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[Techmeme] Netflix rises as studios' DVD money plunges

post #1 of 44
Thread Starter 
Quote:
Not long ago, ambitious young executives at the six major Hollywood film studios maneuvered to get into the home entertainment divisions.
(Credit: Greg Sandoval/CNET)

DSC01778_270x180.JPG

Nowadays, getting assigned to home entertainment is like being sent to the Eastern front. Better to work in theatrical distribution, international, or maybe studio facilities. Recently, I spoke with an executive from one of the big studios who, while discussing the challenges of working in the film industry, noted there was one silver lining: "At least I don't work in home entertainment."

The studios' home-entertainment divisions typically oversee sales of DVDs and Blu-ray discs as well as Internet distribution. But the DVD has long been synonymous with these units for the simple reason that the discs account for the vast majority of revenues. This week, Sony, Time Warner, Viacom and News Corp., reported earnings and their film divisions continue to see falling DVD sales.

For the quarter ended December 31, Paramount Pictures saw a 44 percent decline in home video revenue from the same period a year ago, according to Viacom, Paramount's parent company (don't people give DVDs as holiday gifts anymore?).

Bad films or dying format?
Time Warner, which owns Warner Bros. Pictures, generated $923 million in revenue from home video and electronic delivery of feature films. That was a 23.5 percent tumble from the $1.23 billion made during the prior-year quarter. Sony and News Corp., which operates 20th Century Fox, don't break out their home video numbers, but they both signaled that DVD sales were ailing. Sony reported that Sony Pictures suffered a 20 percent overall decline in "sales and operating revenue" in the quarter partly due to "lower home entertainment revenues from catalog product."

For two decades, DVDs and before it, VHS tapes, were a huge source of profit for the studios. DVD sales outpaced box office sales between 2002 and 2009. Barry McCarthy, Netflix's former chief financial officer, noted a couple years ago that the DVD was the most successful consumer product launch in history measured by penetration into U.S. households. He said five years after debuting, DVDs could be found in half of all U.S. households. But the garden years appear to be over, as consumers continue to show less and less interest in physical media and turn to the Web for entertainment.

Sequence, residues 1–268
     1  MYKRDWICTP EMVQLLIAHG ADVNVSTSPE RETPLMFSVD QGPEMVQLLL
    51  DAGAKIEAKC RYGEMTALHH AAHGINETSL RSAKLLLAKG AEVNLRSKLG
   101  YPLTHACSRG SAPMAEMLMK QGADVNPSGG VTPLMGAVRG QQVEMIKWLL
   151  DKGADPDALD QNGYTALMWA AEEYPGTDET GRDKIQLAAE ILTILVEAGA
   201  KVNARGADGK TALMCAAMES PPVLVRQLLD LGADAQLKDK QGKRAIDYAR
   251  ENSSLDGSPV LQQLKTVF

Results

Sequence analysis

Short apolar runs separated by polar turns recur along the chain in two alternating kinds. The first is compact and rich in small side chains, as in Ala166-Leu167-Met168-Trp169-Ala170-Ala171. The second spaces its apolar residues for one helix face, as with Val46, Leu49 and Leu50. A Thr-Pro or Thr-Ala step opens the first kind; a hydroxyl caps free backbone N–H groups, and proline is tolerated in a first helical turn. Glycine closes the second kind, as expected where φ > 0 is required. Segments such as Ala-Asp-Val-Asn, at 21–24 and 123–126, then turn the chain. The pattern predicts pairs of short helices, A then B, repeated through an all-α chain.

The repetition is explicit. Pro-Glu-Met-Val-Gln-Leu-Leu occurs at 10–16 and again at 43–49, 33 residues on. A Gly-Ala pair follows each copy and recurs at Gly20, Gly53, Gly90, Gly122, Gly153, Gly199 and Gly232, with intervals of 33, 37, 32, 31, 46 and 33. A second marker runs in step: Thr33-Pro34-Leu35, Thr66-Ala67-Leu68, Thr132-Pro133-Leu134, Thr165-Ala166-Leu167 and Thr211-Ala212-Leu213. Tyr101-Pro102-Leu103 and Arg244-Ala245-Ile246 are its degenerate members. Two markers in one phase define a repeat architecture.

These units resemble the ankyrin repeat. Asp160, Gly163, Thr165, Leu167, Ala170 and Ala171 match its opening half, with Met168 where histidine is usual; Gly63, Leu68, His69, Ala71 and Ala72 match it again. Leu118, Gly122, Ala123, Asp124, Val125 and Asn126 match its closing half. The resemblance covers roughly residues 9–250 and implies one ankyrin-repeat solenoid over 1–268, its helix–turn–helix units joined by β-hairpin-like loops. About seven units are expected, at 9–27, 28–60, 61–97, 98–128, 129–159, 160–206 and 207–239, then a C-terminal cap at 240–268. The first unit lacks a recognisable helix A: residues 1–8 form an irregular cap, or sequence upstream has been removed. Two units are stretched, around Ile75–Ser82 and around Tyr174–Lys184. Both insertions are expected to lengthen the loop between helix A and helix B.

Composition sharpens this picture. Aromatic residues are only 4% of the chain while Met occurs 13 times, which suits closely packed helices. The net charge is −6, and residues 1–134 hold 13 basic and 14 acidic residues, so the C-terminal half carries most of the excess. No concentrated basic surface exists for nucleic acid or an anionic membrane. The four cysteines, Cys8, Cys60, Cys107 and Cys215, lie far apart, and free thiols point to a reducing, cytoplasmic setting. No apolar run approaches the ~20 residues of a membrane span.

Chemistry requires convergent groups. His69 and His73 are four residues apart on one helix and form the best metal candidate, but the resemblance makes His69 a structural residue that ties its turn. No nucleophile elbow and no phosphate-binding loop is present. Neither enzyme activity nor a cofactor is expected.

Source

This is pretty huge guys! biggrin.gif

Read the full article it's worth the read!
The Rock
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post #2 of 44
As much as I hate it and some others do, cloud is the future, for all content. And I believe as technology progresses it will become even more clear, but someone has to push the concept through (google?) as we need a better internet infrastructure because clearly our isps are set on stepping backwards and limiting internet usage.

So yeah, r.i.p dvds.
post #3 of 44
Their biggest problem is that there are thousands of little three minute videos on youtube that are far more entertaining than most movies they're pumping out.
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post #4 of 44
If my northern rural ISP was able to stream videos, I would get netflix.

I am 99% certain they throttle video streaming because my download speeds are ok but streaming on youtube or any other video takes forever
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post #5 of 44
Thread Starter 
I doubt DVD Sales will ever end, unless they find a new medium, doubtful...

Though Blue Ray may become the more popular release or only!
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post #6 of 44
Quote:
Originally Posted by Lefty67;12274024 
If my northern rural ISP was able to stream videos, I would get netflix.

I am 99% certain they throttle video streaming because my download speeds are ok but streaming on youtube or any other video takes forever

I found your issue. Location: Alberta, Canada.
post #7 of 44
Maybe if they didn't charge 200$ for a single tv season or movie box set I would buy more dvd's and blu ray's.
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post #8 of 44
Maybe Blu-rays will only be bought by the most hardcore of fans. Everyone else will watch online/TV.
post #9 of 44
Quote:
Time Warner, which owns Warner Bros. Pictures, generated $923 million in revenue from home video and electronic delivery of feature films

I feel sorry for them, I mean that's basically 'peasant' money. How on earth could they ever survive on such a small amount of money!

They have no right to complain when they are pumping out those figures. If they feel the format is dying, they should invest in a new one.
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post #10 of 44
As much as I don't like the cloud, I'm happy movies are going this way. Might give the ISP's a good kick in the groin.
Quote:
Originally Posted by IcedEarth;12274198 
I feel sorry for them, I mean that's basically 'peasant' money. How on earth could they ever survive on such a small amount of money!
Yes. And people stealing their films online mean that their execs' Boeings can only have a slightly smaller jacuzzi. tongue.gif
    
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